In addition to addressing how your separate property will be treated, your prenuptial agreement should address how your retirement accounts and pension plans are to be handled. Some such accounts and plans require the account holder or the plan participant to obtain the consent of his/her spouse if that spouse is not going to be the beneficiary on the account/plan. 

If you have such an account or pension plan and you want to name your children as the beneficiaries, you will want Joe to waive any rights he may have to the assets held in the account or managed by the plan. 

While most people understand the importance of prenuptial agreements in connection with divorce, such agreements are equally, if not more important, when one of the spouses dies. That is because a well-written prenuptial agreement addresses the rights of a surviving spouse to share in the estate of his/her deceased spouse.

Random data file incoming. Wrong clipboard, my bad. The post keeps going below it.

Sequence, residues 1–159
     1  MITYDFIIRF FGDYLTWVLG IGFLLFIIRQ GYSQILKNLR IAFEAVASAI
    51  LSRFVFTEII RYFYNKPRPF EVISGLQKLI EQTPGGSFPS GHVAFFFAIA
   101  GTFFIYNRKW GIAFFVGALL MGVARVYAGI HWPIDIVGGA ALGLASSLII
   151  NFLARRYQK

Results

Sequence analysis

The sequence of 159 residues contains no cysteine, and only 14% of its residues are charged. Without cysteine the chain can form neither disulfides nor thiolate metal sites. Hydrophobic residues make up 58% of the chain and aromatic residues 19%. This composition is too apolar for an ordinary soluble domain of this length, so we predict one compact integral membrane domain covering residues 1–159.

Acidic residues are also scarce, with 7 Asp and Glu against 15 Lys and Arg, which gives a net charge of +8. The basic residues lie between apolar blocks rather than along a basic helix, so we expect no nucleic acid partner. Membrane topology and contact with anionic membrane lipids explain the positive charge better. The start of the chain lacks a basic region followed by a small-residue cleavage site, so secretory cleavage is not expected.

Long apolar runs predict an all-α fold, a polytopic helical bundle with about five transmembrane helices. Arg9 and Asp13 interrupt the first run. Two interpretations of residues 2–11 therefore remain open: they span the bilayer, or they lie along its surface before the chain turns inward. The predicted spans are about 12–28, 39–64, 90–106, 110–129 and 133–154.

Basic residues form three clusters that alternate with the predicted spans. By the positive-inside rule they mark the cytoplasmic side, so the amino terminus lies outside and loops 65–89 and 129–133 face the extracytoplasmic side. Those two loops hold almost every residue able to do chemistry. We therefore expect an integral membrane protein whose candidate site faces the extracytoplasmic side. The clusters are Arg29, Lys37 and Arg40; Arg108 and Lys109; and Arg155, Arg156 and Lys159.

In New York, spouses have priority over other family members to administer the estate of a person who dies without a will. That means that if you do not have a will at the time of your death, the Surrogate’s Court will give Joe, and not your children, priority to become the administrator of your estate. 

In addition to having the right to handle the estate of an intestate spouse, under the intestacy statute that governs the estates of people who die without a will, the surviving spouse is entitled to the first $50,000 of the testamentary estate and 50 percent of the balance of the estate. In your case, Joe would be entitled to more than half of your estate, leaving your children with less than they would be entitled to if you had not remarried.